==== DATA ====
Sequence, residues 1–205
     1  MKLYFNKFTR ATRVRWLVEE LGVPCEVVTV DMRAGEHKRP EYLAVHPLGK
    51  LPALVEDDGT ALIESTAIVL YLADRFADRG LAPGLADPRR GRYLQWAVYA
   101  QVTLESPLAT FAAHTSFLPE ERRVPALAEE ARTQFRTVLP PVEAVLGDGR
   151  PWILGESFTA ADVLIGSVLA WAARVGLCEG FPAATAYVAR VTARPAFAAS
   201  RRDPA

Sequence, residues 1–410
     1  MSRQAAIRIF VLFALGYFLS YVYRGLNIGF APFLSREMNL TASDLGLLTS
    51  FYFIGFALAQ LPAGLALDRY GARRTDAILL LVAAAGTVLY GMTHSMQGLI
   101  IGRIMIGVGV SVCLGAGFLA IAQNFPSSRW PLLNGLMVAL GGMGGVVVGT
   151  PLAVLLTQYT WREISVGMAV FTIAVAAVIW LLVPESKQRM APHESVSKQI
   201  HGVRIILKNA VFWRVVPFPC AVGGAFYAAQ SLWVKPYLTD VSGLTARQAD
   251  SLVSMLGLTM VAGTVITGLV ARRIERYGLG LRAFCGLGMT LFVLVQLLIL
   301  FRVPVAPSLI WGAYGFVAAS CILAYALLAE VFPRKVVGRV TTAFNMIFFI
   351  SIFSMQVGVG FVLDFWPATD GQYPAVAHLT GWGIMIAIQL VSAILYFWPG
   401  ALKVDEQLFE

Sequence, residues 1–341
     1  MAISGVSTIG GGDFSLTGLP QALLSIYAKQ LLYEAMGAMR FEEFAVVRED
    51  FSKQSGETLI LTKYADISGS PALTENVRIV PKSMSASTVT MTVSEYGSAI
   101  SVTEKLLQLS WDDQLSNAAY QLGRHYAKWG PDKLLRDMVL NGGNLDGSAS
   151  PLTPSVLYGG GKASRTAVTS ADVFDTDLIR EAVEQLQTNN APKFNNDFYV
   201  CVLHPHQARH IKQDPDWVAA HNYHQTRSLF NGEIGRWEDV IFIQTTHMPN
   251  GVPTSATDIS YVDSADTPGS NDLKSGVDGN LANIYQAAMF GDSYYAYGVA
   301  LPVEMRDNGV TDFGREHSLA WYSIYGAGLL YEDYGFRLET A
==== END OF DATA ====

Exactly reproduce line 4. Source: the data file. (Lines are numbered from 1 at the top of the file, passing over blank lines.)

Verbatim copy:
   101  QVTLESPLAT FAAHTSFLPE ERRVPALAEE ARTQFRTVLP PVEAVLGDGR